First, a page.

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Hotel room rates can be hard to understand in terms of what is included and what your choices may be.

But usually you'll find the first rate offered to you by a hotel is not their best rate.

 
 
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How to Negotiate the Best Hotel Room Rate Part One

Optimize the Dates of Your Stay
 

Although you should negotiate a room rate before turning up at hotel reception, the same principles apply whether you are a 'walk in' last minute guest or someone booking months in advance by phone.  You should always attempt to get the best rate possible.

Part 1 of a series on How to Negotiate the Best Hotel Room Rate - please also visit

1.  Optimize the dates of your stay

2.  When is the best (and worst) time to make your hotel reservation

3.  What is Included and What is Extra

4.  Hidden extra fees and how to resolve them

5.  Who to Speak/Book With and What to Say

 

 

We all know that airlines sell their tickets for hugely different amounts.  But did you know that hotels sell their rooms for widely varying rates, too?

And just like the airlines have various rules to try and restrict who qualifies for which fares, so too do hotels.

Use the knowledge offered in this new series of articles to help you play the hotel's game and get the best rate possible next time you are booking a hotel room.

Step 1 - Optimize Your Choice of Dates

So you've decided you need to stay somewhere for several days, and now you're working out which hotel to stay at.

Stop!  Go back!  You've already gone too far down the track.  The very first thing you should do is - if you have date flexibility - attempt to determine if there are better or worse dates to stay in the place you're visiting, and at the hotel you want to stay at.

Date flexibility might mean changing your travel dates - even if only by a day or two.  Or perhaps it might mean changing the order in which you visit the destinations that are to be included in your travel itinerary.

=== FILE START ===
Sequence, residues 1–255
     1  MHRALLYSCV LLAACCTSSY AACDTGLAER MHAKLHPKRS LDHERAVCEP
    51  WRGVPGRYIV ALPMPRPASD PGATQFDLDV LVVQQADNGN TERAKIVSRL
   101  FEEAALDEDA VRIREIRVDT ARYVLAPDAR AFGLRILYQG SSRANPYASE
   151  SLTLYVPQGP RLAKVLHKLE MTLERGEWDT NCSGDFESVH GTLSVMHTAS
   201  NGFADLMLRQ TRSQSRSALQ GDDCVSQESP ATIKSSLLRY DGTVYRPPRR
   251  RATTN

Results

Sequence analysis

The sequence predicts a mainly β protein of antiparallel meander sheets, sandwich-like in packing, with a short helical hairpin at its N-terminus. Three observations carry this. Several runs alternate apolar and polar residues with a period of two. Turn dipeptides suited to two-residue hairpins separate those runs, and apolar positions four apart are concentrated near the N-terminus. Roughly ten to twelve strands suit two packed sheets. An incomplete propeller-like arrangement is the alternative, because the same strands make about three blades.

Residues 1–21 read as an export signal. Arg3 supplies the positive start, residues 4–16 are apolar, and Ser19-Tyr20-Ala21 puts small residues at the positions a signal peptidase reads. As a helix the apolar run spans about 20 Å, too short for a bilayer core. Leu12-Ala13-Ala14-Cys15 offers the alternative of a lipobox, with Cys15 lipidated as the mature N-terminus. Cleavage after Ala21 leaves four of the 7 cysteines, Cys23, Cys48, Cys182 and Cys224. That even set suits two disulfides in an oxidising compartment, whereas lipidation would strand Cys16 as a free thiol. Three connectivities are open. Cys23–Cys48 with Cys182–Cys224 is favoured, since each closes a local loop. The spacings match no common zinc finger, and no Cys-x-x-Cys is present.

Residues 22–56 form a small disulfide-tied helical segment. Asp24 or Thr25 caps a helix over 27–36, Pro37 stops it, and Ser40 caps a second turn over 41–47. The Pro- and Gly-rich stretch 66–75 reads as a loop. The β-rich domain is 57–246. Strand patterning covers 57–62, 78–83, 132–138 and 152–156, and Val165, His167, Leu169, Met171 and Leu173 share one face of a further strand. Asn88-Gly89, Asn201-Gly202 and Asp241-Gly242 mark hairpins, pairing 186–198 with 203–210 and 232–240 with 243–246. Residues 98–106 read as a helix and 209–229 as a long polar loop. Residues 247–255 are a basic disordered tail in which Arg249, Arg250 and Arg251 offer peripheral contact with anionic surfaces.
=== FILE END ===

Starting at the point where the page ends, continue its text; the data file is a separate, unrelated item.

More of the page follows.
Impact of Festivals and Conventions

For example, a small town that has a major festival over a weekend is not going to have discounted rates in their hotel rooms.

This can even be true in large cities with major conventions - even a city with as many hotels rooms as Las Vegas will occasionally fill up, such that hotels that sell their rooms for as little as $50 or less a night will instead be asking $250/night during the convention.  So make sure to check ahead if you are booking hotel rooms in Vegas, New York, or other major cities by checking with their Visitors/Convention bureau for major event information.

Holiday Weekends

As well as festivals, long holiday weekends will also distort hotel occupancy levels.

But these distortions happen both to increase and decrease hotel occupancy levels.  In places where people like to vacation, hotels will fill.  In places people travel for business purposes, hotels will empty.

Seasonal Issues

Some places are more popular at some times of year than at others.

They often will have seasonal rates to reflect these variations in demand - for example, summer destinations will be cheaper to stay at during the empty winter months, for example, and vice versa for winter destinations if you're considering traveling there in summer.

The actual seasonal periods may not be obvious to you, however, and may not be as simple as just a high and a low season.  There may be several different seasons.  And the timings may vary from area to area.  For example, some parts of the world have rainy and dry seasons.  And of course, the (weather) seasons in the other hemisphere are reversed to those in your home hemisphere.

Weekday and Weekends